It is difficult to adequately describe the side hiking opportunities that you will encounter on your Grand Canyon rafting trip. If you have read about trail conditions, it is time to brush up on some basic advice for hiking in the Grand Canyon. The guides are informative when describing which shoes will be necessary for the hike, how much water to take with you, how long you will be hiking and whether or not you will need to take a bagged lunch.
Here are a few other recommendations to maximize your hiking experience:
- Be in good physical condition. A higher fitness level will help to ensure you are able to enjoy and participate in the hiking opportunities.
- Prepare for “hands free” hiking and bring a small backpack (approximately the size of a school backpack), hip pack (bigger than a fanny pack), or hydration pack. This way, your hands are free for climbing, creek crossings, or whatever comes your way. Avoid clipping water bottles on belt loops or waist bands as this creates awkward weight for your body to balance.
- Have at least two quarts of water on each hike stowed in your day pack. If you are on a Hiker’s Discovery specialty trip or generally planning on participating in long hikes, you should be prepared to carry 3-4 quarts.
- Bring a camera and sunscreen.
- Dunk your clothing or self in the river before embarking on a long, hot hike (especially during the summer months) to take advantage of a natural evaporating cooling system with your cotton shirt.
- To avoid accelerated dehydration and sunburn, cover up as much as possible during your hikes; wear a hat (either a baseball-type cap or wide-brimmed hat), a long-sleeved shirt, possibly a bandana around your neck and adequate amounts of sunscreen on any parts of your body that are left uncovered.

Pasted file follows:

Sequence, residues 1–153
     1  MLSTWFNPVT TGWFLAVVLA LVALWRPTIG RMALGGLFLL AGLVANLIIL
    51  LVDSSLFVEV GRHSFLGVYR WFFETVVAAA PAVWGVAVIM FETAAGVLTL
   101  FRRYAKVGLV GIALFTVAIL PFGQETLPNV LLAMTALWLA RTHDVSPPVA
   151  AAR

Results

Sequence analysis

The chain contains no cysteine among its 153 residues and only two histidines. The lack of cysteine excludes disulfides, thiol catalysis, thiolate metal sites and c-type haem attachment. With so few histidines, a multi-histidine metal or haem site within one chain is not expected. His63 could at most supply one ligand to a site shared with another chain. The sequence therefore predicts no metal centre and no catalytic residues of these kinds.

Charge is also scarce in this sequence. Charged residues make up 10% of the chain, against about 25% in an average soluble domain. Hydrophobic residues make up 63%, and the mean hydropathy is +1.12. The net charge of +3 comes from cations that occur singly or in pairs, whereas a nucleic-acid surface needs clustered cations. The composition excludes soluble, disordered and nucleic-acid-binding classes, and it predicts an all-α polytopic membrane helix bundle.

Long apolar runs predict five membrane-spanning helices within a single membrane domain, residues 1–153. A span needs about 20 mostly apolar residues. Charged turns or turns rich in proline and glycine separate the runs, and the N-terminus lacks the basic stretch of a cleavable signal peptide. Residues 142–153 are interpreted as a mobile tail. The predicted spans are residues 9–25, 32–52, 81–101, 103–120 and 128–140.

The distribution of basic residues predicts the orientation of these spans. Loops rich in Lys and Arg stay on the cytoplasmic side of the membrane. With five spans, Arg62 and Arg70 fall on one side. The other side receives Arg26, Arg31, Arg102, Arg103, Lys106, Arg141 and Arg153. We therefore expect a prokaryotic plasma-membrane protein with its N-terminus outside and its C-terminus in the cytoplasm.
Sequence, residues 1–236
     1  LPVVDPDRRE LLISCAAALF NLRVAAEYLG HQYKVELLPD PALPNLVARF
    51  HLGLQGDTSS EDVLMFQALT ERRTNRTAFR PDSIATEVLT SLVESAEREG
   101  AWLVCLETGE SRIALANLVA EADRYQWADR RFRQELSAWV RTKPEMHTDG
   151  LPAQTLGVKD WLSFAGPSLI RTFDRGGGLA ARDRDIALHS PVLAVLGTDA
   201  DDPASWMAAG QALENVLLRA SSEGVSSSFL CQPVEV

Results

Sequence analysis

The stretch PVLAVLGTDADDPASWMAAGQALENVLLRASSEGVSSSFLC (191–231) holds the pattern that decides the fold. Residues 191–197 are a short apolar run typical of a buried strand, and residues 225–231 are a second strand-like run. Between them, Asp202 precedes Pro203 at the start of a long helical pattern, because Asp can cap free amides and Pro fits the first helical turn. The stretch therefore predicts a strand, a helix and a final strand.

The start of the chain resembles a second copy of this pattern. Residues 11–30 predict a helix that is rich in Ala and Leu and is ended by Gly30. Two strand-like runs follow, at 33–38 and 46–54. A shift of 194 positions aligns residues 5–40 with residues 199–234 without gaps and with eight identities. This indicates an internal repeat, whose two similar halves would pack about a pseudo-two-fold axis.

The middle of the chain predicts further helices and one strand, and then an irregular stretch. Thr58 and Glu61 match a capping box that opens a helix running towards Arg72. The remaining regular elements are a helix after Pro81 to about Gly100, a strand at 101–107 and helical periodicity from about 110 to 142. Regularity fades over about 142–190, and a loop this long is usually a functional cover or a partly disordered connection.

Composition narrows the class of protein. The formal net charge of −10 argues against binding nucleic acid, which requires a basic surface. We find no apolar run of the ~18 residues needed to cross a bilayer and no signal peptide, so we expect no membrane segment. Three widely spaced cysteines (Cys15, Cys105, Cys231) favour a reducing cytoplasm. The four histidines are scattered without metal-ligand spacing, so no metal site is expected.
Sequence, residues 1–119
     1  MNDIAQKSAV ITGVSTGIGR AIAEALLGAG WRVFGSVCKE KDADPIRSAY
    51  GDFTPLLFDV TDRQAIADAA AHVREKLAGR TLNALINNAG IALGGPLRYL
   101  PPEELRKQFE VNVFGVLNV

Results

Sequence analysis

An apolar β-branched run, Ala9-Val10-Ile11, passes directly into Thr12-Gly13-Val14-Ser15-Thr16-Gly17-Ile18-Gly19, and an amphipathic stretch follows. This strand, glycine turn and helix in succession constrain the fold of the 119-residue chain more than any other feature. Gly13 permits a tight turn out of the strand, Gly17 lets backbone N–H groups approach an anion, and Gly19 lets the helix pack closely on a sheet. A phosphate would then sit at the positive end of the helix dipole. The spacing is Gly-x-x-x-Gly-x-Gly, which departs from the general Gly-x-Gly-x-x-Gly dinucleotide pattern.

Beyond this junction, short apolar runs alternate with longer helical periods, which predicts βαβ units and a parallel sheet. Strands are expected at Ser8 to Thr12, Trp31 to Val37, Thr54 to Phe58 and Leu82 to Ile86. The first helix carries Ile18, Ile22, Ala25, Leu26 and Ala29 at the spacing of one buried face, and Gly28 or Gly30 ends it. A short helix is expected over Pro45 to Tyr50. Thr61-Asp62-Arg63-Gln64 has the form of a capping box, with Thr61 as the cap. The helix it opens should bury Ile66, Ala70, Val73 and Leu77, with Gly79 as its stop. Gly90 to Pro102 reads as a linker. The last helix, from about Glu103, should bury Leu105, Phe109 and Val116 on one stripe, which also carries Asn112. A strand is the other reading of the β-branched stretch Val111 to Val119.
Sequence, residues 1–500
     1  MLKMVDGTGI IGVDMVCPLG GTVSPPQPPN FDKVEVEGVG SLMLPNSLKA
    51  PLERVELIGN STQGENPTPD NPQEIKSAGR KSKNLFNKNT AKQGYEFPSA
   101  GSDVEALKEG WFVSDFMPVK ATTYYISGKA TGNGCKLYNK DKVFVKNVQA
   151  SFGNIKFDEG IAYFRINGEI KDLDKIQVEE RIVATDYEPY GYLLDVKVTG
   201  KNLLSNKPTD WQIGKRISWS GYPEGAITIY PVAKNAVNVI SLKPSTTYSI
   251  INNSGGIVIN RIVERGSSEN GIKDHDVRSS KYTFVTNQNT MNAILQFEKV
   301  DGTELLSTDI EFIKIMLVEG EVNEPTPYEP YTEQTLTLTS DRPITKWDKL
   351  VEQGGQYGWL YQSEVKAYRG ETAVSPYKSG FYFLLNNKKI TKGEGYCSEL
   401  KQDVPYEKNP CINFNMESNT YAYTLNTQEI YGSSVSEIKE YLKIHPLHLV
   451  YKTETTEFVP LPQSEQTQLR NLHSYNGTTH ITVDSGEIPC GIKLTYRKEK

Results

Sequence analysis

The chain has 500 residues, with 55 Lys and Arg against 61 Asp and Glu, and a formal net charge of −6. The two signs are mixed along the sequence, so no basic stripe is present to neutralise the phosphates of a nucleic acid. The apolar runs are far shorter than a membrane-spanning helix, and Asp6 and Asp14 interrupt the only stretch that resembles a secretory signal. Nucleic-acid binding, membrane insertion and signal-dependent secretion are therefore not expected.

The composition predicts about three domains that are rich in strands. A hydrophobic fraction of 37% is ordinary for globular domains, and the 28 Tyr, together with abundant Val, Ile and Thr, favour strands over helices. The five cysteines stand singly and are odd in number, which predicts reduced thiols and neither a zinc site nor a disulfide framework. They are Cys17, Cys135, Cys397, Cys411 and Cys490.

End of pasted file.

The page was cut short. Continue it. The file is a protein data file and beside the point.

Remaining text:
- Bring and wear proper footwear.
- Always carry a pair of socks even if you are wearing sandals.
- Take care of your feet. This includes washing your feet, applying a concentrated moisturizer/salve such as Supersalve, and attending to any cuts, sunburns, insect bites, etc. daily. Be proactive in the treatment of blisters.
- Always carry your water and food with you. There is always a chance that whomever you’re hiking with may get ahead of or behind you. If this person was to be carrying your water and you were to get separated, you would no longer have water. This is why it is so important to carry your own water with you at all times. You should be drinking ½ to 1 quart of water every hour that you are hiking to remain hydrated.
- Not recommended for everyone, but if you have any joint, back, hip, knee, ankle or toe pain, collapsible, rubber-tipped hiking poles are helpful in providing extra support. However, we caution using them on regular side hikes throughout your trip. The trails are not maintained (exposed, rocky, slippery, etc.) and hiking sticks often offer a false sense of stability. They can slip out from underneath you and they are cumbersome in tight spaces and when you need your hands for climbing. Also, be aware of other people close by to ensure nobody gets hit by your hiking poles as you are shifting them around. However, we understand some people might find them useful.
Additionally, we recommend following these hiking tips to ensure your safety, the safety of others and the safety of the environment: